Thursday, November 03, 2005

HIV Testing: Coming to a home near you?

HIV continuously enters new territories in terms of treatment, prevention, and even stigma. This tiny virus is no stranger to raising controversy, and the home HIV test is no different. USA Today cites several cons to moving the test to home, including the hazard of the response a person may have to a positive test without a physcian or counselor present. Some of you will argue, who cares if the person is going to do something to hurt themselve, then they can wait and do it after they leave the doctor's office anyway. Others may go as far as to say, that one less HIV carrier wouldn' t be a bad thing.

I am an optomist, however. I hope that in our life time HIV will become treatable, or at the very least preventable through vaccination in the near future. I also think that moving the test to over the counter is a huge step. People are more likely to get tested without symptoms if they can avoid going to a doctor's office, but I think that more people could have negative outcomes with a positive test.

Let's face it, no test is perfect anyway. The biggest loss would be the false positive test that leads to a suicide. I recognize that is rare and may be outweighed by some of the positive benefits of the test. Obviously, earlier diagnosis by resposible parties could decrease unintentional spread of the virus.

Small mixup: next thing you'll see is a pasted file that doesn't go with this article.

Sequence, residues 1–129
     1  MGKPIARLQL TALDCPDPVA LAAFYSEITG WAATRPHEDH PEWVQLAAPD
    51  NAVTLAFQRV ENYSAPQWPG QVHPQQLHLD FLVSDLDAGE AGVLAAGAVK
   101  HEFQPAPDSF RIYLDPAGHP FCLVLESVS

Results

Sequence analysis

I can say this too, that it may change the way health and life insurance do things. I am not sure whether or not new members are tested for HIV, but they would most certainly be if there was a home test. If I were to test positive on a home test and were uninsured, then heck yes I would try to hide it until insurance covered me. Depending on how widespread that occured it could mean higher health care costs for all of us.

As you can see from my ramblings, I am neither pro or con at this point; just a reporter.

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